Silas Kirsch L&S Social Sciences
Dirt, Concrete, and Shifting Inequities on Bay Area Highways, 1910-2020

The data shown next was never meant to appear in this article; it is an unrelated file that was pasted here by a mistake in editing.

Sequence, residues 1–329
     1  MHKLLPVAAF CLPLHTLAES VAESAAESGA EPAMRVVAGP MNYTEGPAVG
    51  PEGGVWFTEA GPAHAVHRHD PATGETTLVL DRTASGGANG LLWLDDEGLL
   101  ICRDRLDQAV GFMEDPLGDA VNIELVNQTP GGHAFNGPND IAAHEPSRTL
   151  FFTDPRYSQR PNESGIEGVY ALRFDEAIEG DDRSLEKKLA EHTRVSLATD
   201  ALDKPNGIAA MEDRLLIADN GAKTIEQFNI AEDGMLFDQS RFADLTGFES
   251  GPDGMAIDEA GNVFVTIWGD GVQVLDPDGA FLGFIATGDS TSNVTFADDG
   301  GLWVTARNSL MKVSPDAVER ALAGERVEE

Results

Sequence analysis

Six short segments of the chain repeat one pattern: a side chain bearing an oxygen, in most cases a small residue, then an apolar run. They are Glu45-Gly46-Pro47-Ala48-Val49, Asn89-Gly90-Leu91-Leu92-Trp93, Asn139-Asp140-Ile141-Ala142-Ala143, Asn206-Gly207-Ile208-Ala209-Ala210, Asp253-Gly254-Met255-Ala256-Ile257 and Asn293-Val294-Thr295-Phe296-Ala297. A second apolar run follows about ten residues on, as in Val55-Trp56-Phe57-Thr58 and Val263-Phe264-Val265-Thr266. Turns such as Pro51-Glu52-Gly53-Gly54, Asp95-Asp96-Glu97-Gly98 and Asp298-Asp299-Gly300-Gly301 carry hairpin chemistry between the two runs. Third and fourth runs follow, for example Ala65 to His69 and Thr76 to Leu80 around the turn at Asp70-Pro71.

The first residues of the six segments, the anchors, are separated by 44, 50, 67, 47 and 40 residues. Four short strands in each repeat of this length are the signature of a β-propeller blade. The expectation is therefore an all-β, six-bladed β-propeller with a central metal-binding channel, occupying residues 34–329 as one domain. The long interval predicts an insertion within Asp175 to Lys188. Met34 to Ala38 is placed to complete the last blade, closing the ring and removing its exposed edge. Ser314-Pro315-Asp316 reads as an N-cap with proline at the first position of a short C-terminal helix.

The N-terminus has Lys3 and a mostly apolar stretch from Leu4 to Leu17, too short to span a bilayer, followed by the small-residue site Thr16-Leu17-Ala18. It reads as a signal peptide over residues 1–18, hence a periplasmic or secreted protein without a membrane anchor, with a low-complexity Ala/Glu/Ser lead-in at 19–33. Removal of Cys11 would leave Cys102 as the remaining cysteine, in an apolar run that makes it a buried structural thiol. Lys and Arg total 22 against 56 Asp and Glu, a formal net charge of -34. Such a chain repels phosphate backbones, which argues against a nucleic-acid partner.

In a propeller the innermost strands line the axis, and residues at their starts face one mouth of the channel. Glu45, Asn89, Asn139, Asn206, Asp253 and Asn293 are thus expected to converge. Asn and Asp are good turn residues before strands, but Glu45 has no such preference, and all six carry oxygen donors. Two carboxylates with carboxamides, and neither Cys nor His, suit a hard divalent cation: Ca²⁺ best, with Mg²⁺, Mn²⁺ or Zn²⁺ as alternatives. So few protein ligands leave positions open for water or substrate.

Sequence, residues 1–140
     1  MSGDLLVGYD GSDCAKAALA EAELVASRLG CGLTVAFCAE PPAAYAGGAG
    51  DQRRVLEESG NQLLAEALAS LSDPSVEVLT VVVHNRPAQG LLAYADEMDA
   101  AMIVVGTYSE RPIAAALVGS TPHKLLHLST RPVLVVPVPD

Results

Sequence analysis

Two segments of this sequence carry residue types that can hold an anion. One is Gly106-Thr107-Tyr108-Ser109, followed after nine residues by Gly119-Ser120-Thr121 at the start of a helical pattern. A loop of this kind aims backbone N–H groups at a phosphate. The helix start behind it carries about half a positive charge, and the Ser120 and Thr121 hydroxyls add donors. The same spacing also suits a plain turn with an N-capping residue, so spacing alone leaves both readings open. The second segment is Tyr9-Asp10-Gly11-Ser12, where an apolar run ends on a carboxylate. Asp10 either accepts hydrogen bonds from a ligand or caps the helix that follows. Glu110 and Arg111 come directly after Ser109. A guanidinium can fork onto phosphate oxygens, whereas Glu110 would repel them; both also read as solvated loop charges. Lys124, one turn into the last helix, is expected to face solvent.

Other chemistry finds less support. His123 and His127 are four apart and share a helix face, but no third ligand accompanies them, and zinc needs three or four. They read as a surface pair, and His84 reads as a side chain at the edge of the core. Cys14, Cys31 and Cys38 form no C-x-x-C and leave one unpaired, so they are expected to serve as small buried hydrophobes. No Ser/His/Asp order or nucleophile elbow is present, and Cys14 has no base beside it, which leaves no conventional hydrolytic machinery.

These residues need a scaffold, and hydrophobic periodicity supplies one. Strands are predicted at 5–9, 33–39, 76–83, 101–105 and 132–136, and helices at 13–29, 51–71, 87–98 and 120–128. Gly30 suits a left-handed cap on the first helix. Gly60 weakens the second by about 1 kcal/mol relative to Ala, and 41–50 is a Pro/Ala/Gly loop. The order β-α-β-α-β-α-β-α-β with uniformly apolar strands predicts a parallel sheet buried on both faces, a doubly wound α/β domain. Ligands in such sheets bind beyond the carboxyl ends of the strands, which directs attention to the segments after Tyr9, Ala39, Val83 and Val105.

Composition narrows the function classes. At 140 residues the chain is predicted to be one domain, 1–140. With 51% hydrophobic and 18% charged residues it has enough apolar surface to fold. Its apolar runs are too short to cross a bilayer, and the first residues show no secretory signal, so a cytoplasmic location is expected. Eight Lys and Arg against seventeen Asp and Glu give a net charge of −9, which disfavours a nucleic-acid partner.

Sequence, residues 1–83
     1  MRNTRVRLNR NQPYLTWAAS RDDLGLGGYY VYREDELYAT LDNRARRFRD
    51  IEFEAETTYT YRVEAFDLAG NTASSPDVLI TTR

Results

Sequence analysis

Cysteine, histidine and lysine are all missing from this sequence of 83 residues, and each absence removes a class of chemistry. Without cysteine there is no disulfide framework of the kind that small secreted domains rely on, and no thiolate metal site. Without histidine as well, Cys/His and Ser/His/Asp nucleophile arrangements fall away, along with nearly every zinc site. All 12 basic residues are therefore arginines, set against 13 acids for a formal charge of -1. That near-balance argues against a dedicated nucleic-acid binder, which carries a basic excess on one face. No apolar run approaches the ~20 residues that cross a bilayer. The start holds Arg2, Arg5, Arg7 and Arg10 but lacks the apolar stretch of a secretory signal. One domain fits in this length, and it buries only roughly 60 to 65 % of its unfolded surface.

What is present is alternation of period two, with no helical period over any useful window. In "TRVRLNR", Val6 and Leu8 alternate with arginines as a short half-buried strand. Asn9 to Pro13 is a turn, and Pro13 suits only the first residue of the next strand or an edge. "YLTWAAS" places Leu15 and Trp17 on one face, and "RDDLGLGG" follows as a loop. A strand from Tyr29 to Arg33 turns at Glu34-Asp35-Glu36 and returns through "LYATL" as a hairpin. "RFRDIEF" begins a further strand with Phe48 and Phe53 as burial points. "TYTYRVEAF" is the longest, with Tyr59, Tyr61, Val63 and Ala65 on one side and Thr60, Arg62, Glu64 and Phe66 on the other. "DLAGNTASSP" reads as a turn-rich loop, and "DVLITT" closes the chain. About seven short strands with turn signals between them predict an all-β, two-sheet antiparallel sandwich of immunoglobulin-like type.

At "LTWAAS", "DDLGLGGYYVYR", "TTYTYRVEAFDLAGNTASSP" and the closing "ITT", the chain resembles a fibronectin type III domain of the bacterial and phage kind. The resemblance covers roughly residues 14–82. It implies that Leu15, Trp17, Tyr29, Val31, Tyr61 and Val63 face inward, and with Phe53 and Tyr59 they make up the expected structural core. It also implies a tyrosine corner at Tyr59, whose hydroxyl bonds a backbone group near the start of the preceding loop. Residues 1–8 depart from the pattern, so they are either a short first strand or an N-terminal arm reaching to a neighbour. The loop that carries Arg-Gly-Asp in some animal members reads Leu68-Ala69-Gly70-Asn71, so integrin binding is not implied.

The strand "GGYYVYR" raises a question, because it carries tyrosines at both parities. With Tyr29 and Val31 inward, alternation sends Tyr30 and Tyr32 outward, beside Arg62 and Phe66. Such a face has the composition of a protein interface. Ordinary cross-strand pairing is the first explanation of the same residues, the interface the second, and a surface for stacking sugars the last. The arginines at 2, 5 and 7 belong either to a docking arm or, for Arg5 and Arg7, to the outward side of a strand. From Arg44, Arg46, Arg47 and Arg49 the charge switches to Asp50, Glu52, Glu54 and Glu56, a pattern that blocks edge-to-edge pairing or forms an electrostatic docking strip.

Since their inception, the role and cultural significance of highways have aligned with contemporary issues of inequity and have been vectors of harm. I will analyze the history of the Bay Area’s highways and examine the inequity that shaped and was built into the public understanding of the highways, as well as the structures themselves. Three main eras I will focus on are: 1910–1940, when highways were novel and their place in culture was being constructed; 1941–1980, when they were used as a tool to reshape communities and the dynamics of urban-suburban relationships; and 1980–present, when the adverse consequences of living near highways has come to be more recognized, which increasingly informs attitudes toward them, particularly in the Bay Area. Using Geographic Information Systems tools, I will investigate the impacts freeways have on quality of life and compare those to the demographics most affected by highways today to understand current patterns of highway inequity. This project will conclude with speculation on the inequitable impacts proposed freeway projects could have, from new construction to complete removal.